Jamaica Plain is home to the fourth-oldest school in the country. The Eliot School was founded 329 years ago in 1676. Only Harvard, Roxbury Latin and Boston Latin are older than the Eliot School. On Oct. 2, 1676, 38 “inhabitants of Jamaica or Pond Plain” got together and pledged money, payable in corn, to support the school for 12 years. Now called the Eliot School of Fine and Applied Arts, the institution thrives to this day, offering classes to children and adults days and evenings, taught by highly skilled artists and crafts people.
Before 1676 was over, several residents gave land to fund the school. John Ruggles gave the triangular piece of land in front of the Unitarian Church where the Soldiers’ Monument stands. Hugh Thomas and his wife Clement gave their house, orchard, lot and night pasture to the school on the condition that the residents would take care of them as they got older. Others also donated smaller pieces of land.
The most significant donor was the Rev. John Eliot, for whom Eliot Street and Eliot Hall are also named. The minister to the Indians here gave 75 acres of land to the school in 1689. He wrote that the proceeds were to be used “for teaching and instructing of the children of that end of town (together with such negroes or Indians as may or shall come to said school)...”Eliot said the purpose of the school was “to remove the inconvenience of ignorance.”
The Eliot School has been at four different locations. First, it was located in two different buildings in the area where the Soldiers’ Monument is. Beginning in 1787, the school was at the corner of Centre and Green Streets. In 1832, it moved to the building at 24 Eliot St. next to the Unitarian Church where it is today. The West Roxbury School Committee became a partner to the trustees. In 1840 it became a high school, with the genders separated into different departments.
In 1855, the Girls’ Department, which was very popular, was moved to Village Hall where the city parking lot is behind Blanchard’s. In 1858, the Boys’ Department moved there, too, and the building at 24 Eliot St. was leased to the town, which used it as a primary school. In 1868, the Eliot High School moved to a new building on Elm Street on the site currently occupied by the old Jamaica Plain High School building. When the town of West Roxbury was annexed to the City of Boston in 1874, the trustees of the Eliot School terminated their connection to the high school and decided to move back to 24 Eliot St.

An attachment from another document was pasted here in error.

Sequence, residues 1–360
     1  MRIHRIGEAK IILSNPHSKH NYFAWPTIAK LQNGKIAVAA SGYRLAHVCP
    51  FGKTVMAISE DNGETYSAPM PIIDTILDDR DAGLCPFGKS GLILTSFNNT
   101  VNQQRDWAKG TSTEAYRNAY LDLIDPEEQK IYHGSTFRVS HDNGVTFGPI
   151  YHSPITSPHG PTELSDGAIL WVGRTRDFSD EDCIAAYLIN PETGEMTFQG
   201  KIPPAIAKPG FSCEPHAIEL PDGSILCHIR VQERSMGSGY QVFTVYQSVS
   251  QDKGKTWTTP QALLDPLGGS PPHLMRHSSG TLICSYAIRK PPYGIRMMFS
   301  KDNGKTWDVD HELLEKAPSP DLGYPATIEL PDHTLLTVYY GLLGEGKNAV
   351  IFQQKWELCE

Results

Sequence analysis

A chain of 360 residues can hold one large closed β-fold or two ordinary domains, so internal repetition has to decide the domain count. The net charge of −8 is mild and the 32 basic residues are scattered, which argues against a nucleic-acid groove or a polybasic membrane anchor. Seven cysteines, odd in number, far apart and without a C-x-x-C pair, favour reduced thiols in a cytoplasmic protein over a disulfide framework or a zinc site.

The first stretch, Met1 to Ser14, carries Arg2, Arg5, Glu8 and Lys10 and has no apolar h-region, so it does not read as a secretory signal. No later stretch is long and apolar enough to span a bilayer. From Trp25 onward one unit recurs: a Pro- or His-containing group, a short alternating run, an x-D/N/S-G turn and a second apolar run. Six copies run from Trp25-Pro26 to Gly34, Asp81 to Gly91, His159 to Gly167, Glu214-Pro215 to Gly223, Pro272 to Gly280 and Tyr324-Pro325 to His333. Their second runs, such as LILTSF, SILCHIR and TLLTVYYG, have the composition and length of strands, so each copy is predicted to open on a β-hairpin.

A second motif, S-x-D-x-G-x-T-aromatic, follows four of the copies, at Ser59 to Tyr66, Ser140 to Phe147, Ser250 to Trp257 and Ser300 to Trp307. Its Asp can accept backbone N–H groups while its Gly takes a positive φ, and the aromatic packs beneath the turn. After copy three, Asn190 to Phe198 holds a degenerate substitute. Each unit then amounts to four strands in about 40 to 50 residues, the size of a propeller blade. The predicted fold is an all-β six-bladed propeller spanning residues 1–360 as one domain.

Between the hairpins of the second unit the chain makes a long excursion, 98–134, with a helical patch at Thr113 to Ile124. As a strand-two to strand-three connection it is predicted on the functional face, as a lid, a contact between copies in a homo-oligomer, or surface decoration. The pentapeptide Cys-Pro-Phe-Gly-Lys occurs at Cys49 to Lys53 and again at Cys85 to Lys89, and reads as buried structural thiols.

In the 1870s and 1880s, the Eliot School began its “manual training” era. Gradually, classes like drawing, painting, sewing and cooking were added. Stenography and typewriting were offered in 1887. The school provided classes for public school students in the area.
A book about the school published by the trustees in 1905 says the school’s purpose was to “satisfy that instinctive desire of human beings to create.” For an annual membership fee of $1, according to the book, adults and children could study woodworking, mechanical drawing, wood carving and sewing.
Eliot School Today
The Eliot School continues to change today. Jennifer Ellwood was hired as director in July, 2004 to lead the school through two major initiatives: expanding course offerings and managing a capital campaign. The board of directors plans to hold community meetings and focus group this year to gather input into planning.
The school is doing fund-raising to restore the 1832 building and make it wheelchair accessible. According to Ellwood, plans call for replacing the chain link fence with a wrought iron one and landscaping the walkway to the building. In the interior, plaster and paint need attention, and bathrooms need to be updated.
Beth Israel Deaconess Hospital Chief Executive Officer Paul Levy, who is lauded for turning around the finances at that institution, is a big fan of the Eliot School. He has been taking a woodworking class there for several years. “It’s a marvelous place, collegiate and friendly,” he said in an interview. “The teachers are great.”
Because he sees the building as “a gem in the rough,” Levy has committed fund-raising specialists at his institution to help the Eliot School devise a capital campaign.
Beginning with the current winter 2005 term, many new classes and teachers have been added with emphasis on fine arts and drawing skills. Internationally known artists Bob Siegelman and Dean Nimmer have joined the faculty. Enrollment for the fall term was up 35 percent over the previous year.
For a catalog or more information about the Eliot School, see eliotschool.org or call 617-524-3313.
The Eliot School, 1676-1905, compiled from an address by Benj. P. Williams in 1832 and by D. S. Smalley, master of the school, in 1886.
A Brief History of the Eliot School, by Charles Fox, Newsletter of the Eliot School, Vol. 1.
Written by Sandra Storey. Reprinted with permission from the January 21, 2005 Jamaica Plain Gazette. Copyright © Gazette Publications, Inc.